Good Monday morning from Elizabeth Baker! As wordsmiths and lovers of letters, authors often have a unique way of looking at the world. I suspect we tend to dig a little deeper and look for answers even when others are not asking questions!
One of the first things a writer learns is to continually ask, “So, what?” For every article, every speech, every motivation of a fictional character, asking “So, what?” is critical to literary success. No matter how well placed the modifiers or how skillfully crafted each sentence, if there is no answer to that question, readers will drift off and soon lose interest.
I suppose that’s what instantly drew me to today’s verse. The “So, what?” answers fairly jump from the page promising not only logical solutions to practical problems but what writers call, “high take-away value” as well.
The first answer is the reality of fruit. It is actually possible to have more love, more joy, more peace, more patience and all those other delightful tidbits Paul identified as the fruits of the Spirit.  These are not pie-in-the-sky or wishful thinking or day-dreams. They’re real things that make a real difference. That is a big, “So, what?” because having more of that kind of fruit will change my world!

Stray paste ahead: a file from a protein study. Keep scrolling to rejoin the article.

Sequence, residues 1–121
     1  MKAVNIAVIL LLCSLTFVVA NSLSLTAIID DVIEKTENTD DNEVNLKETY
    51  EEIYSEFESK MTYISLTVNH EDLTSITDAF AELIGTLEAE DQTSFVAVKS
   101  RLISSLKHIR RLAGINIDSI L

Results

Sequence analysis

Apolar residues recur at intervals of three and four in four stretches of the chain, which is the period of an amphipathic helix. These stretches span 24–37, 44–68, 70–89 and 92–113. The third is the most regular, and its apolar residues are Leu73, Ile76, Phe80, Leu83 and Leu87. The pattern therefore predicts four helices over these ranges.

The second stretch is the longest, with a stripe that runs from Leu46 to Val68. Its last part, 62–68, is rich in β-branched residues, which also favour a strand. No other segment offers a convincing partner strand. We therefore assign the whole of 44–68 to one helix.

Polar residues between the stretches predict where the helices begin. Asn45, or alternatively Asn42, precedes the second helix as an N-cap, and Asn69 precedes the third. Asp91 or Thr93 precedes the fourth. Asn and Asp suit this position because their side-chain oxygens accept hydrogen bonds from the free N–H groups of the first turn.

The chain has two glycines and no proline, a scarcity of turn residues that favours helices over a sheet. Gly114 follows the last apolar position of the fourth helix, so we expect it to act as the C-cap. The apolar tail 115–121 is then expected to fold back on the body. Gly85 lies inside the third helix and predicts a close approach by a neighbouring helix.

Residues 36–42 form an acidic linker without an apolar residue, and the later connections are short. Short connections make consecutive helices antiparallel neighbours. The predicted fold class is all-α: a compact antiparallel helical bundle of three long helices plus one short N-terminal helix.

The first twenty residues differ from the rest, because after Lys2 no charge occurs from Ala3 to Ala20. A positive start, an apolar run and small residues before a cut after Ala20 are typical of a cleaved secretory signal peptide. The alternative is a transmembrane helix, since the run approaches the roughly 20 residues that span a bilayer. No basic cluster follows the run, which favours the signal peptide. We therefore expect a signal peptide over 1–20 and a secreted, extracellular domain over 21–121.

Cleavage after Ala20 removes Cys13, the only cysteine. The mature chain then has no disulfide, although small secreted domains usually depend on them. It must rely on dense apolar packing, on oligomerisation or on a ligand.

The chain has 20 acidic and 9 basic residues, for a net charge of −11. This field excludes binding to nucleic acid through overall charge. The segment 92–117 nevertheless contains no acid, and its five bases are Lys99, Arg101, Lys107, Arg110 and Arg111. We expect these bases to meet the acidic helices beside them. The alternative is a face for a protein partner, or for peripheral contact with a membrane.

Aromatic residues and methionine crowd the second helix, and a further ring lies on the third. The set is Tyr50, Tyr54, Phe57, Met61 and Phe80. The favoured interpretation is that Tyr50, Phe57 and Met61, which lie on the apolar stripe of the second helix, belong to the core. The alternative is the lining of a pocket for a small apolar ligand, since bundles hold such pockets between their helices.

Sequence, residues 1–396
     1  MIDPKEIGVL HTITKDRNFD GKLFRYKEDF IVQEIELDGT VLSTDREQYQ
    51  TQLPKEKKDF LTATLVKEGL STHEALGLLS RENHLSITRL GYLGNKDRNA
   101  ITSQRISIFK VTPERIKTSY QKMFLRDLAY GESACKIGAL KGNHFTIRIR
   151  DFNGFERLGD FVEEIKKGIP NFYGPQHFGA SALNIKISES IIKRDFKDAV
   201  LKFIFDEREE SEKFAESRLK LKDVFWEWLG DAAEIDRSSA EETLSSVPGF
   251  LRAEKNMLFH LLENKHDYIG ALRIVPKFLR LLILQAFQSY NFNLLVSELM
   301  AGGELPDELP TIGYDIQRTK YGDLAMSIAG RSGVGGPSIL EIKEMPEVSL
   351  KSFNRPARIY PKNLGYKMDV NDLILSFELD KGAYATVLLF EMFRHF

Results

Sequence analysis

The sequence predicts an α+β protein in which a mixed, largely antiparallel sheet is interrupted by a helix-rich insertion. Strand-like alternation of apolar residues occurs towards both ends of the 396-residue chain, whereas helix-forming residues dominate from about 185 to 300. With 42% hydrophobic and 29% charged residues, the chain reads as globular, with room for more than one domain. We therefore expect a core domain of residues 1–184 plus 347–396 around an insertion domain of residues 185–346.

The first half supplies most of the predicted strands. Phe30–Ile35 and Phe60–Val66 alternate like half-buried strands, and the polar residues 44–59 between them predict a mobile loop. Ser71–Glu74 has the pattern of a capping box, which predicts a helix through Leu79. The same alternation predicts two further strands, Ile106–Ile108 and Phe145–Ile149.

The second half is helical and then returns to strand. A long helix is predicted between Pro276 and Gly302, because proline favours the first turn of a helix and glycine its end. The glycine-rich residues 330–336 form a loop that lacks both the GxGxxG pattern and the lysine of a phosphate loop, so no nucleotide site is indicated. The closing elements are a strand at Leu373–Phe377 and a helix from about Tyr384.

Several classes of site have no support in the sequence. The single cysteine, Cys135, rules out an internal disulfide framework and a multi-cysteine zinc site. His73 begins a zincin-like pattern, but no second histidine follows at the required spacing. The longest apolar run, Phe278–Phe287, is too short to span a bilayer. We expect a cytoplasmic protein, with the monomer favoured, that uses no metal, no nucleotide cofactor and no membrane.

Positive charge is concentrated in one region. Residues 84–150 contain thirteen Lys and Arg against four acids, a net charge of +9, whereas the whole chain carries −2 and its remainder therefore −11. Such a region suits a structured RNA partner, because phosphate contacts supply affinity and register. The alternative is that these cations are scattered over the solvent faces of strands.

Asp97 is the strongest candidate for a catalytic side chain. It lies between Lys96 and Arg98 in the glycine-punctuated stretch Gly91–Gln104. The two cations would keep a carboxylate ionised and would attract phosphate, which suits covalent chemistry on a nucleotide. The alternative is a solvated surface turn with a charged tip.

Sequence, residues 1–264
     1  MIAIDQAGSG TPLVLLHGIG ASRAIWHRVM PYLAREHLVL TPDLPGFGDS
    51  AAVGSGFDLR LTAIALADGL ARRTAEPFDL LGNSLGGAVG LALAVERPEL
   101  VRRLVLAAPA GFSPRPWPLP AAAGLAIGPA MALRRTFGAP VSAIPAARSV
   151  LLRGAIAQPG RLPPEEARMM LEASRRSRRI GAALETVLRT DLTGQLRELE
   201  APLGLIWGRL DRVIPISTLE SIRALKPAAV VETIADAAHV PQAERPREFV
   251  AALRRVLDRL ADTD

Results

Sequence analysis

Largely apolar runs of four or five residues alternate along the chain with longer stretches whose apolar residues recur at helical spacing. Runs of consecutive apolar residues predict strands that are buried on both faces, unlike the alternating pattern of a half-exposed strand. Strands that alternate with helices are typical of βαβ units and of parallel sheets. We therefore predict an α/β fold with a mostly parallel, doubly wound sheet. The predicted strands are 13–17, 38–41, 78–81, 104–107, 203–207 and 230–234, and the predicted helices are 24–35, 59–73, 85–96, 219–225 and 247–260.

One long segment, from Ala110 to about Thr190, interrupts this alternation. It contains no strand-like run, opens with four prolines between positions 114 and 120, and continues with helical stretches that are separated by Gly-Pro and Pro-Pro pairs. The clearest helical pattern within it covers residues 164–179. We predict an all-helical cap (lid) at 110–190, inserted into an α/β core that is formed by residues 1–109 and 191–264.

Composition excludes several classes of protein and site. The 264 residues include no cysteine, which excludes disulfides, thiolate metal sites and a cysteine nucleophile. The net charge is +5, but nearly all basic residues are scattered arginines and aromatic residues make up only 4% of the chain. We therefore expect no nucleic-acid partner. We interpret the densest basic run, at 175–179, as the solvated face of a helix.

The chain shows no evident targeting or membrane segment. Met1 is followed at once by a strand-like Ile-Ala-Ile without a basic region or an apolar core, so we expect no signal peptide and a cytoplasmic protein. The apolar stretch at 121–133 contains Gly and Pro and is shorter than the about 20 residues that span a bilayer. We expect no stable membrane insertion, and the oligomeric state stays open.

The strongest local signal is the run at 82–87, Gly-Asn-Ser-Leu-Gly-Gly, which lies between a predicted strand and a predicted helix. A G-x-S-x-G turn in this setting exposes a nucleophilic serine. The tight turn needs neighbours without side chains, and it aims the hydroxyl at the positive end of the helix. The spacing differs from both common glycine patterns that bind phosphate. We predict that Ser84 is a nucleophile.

The second, “So, what?” is perhaps the most significant of all. It’s the good news that I don’t have to work up these good things on my own. I can get off the treadmill, leave the rat-race, rest. It no more depends on my efforts to grow fruit than it depends on the efforts of a branch to grow grapes. The effort and power come from the vine. A vine can get along without the branch just fine but the branch without the vine is dead before it hits the ground.
And, the last really big “So, what?” is the other side of that coin. While the fruit does not depend on me, that doesn’t mean I’m useless. I have a significant responsibility. I contribute to the process. If I don’t do my part, I won’t share in the benefits of fruit production. Other branches will take my place. They and the vine will go on without me. My job is to cling tightly to the vine. I don’t focus on fruit production, I focus on the vine and fruit comes as a byproduct.
Unfortunately, it is possible to be a Christian attend church and even read the Bible but stopped asking the question, “So, what?” When that happens, faith becomes disjointed from daily life; religion separates from living, and experiencing the dynamic flow from the Vine slows to a trickle.
How sad! For the solution to the problem is simple. Jesus told us about it before he left. We make it our business to firmly hang on to the Vine and a good way to do that is to keep asking the question, “So, what?”
 Galatians 5:28